Should We Include Avoidance of
Deforestation in the International Response to Climate Change?

Bernhard Schlamadinger, Lorenzo Ciccarese, Michael Dutschke, Philip M. Fearnside, Sandra Brown, Daniel Murdiyarso.

Global deforestation and forest degradation rates have a significant impact on the accumulation of greenhouse gases (GHGs) in the atmosphere (Achard et al. 2002; Houghton 2003; Fearnside and Laurance 2004). The Food and Agriculture Organization (FAO 2001) estimated that during the 1990s 16.1 million ha per year were affected by deforestation, most of them in the tropics. The Intergovernmental Panel on Climate Change (IPCC) calculated that for the same period the contribution of land-use changes to GHG accumulation into the atmosphere was 1.6+0.8 Giga (1 G = 109) tonnes of carbon per year (Prentice et al. 2001), a quantity that corresponds to 25% of the total annual global emissions of GHGs. The United Nations Framework Convention on Climate Change (UNFCCC), in recognizing climate change as a serious threat, urged countries to take up measures to enhance and conserve ecosystems such as forests that act as reservoirs and sinks of GHGs. The Kyoto Protocol (KP), adopted in 1997, complements the UNFCCC by providing an enforceable agreement with quantitative targets for reducing GHG emissions.

the International Response to Climate Change

To fulfill their emission-limitation commitments under the KP, industrialized countries (listed in the KP’s Annex I) can use land-based activities, such as reducing deforestation, establishing new forests (afforestation and reforestation) and other vegetation types, managing agricultural and forestlands in a way that the “carbon sink” is maximized.
Annex I countries may also claim credit for carbon sequestration in developing countries by afforestation and reforestation (AR) through the Clean Development Mechanism (CDM), one of the Kyoto mechanisms that allow countries to achieve reductions where it is economically efficient to do so. For the period 2008-12, forestry activities under the CDM have been restricted to afforestation and reforestation on areas that were not forested in 1990. In addition, CDM projects must lead to emission reductions or net carbon uptake additional to what would have occurred without the CDM funding.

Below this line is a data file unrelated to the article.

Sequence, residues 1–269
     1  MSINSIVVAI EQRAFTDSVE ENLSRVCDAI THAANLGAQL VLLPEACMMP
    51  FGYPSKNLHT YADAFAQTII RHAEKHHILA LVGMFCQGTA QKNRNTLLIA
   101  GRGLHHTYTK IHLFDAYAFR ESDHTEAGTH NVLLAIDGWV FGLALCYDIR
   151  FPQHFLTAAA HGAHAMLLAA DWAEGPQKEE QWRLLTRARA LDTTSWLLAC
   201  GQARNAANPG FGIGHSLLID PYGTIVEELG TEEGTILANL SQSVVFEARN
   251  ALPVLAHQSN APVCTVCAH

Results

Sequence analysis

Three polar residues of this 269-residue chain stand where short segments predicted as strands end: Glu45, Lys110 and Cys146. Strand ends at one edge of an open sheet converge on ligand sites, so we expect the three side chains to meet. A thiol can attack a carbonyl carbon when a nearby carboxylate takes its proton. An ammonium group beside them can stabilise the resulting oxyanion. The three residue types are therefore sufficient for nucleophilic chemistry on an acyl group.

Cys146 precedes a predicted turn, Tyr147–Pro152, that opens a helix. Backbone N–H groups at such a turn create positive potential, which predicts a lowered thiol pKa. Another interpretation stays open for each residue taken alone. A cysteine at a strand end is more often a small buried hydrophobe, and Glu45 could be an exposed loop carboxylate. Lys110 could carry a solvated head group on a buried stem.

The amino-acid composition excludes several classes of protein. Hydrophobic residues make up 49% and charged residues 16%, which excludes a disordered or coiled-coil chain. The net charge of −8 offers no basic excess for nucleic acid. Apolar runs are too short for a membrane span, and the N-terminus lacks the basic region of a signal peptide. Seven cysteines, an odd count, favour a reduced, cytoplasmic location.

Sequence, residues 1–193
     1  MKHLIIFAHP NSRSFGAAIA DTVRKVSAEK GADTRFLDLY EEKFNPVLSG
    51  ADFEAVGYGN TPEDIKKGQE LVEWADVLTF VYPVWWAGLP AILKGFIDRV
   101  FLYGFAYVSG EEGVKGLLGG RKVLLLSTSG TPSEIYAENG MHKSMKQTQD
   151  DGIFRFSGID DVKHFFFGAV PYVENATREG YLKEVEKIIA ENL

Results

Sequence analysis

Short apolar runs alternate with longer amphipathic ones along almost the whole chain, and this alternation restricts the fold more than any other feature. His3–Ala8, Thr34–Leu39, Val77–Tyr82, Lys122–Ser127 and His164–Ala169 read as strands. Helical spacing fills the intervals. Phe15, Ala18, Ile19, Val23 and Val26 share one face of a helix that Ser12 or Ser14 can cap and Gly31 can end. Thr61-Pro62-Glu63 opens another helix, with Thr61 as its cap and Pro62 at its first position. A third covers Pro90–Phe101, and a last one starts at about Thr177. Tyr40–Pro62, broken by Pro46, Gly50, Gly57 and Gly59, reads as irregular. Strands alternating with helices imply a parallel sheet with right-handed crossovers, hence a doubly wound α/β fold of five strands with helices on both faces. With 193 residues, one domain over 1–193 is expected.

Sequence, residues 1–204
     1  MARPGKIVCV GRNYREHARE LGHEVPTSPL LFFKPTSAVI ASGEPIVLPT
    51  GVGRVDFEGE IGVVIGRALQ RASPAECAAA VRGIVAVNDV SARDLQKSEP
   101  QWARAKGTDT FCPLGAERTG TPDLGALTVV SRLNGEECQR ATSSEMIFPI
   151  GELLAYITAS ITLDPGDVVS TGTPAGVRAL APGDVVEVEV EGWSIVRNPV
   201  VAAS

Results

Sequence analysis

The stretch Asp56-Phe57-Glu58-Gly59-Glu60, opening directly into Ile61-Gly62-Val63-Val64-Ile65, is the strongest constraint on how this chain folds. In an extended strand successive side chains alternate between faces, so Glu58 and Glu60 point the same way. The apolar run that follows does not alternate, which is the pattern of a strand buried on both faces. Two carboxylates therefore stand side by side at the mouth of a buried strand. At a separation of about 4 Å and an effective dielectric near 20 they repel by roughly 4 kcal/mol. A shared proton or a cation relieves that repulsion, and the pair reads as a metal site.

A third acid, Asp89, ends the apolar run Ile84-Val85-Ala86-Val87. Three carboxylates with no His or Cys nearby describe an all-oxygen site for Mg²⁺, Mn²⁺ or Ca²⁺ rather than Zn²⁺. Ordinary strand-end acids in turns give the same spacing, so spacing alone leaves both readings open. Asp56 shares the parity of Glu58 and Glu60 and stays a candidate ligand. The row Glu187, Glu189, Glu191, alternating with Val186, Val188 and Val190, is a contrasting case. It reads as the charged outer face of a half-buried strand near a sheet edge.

the International Response to Climate Change

Annex I Parties can only use credits from AR CDM up to an annual 1% of their base-year emission, or 5% during the entire Kyoto commitment period. In December 2003, the ninth session to the Conference of the Parties (COP9) to the UNFCCC took a decision addressing the contentious issue of non-permanence— as well as additionality, leakage, uncertainties, and socioeconomic and environmental impacts—associated with AR project activities under the CDM (UNFCCC 2003). Only expiring carbon credits will be issued from AR CDM projects (“temporary” or “long-term” Certified Emission Reductions (CERs) alternatively), so that credits expire before termination of the project, or when the carbon is released back to the atmosphere prematurely. In both cases, the investor that used the credits to get into compliance will be debited accordingly.

The decision also acknowledges that is up to host Parties to evaluate risks associated with AR projects, such as the use of invasive alien species and genetically modified organisms, according to their national laws. The text of the decision also invites Parties’ submissions on simplified modalities and procedures for small-scale projects and their implementation. In contrast, activities aimed at reversing or slowing deforestation in developing countries are excluded for the first commitment period of the KP (2008-2012). Arguments against allowing deforestation avoidance activities were high uncertainties of GHG-reduction estimates, the potentially large scale of credits, non-permanence, and leakage concerns (Bonnie et al. 2000; Marland et al. 2001).

the International Response to Climate Change the International Response to Climate Change

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Source: Proceedings of Workshop on Carbon Sequestration and Sustainable Livelihoods
Editors :
Daniel Murdiyarso
Hety Herawati

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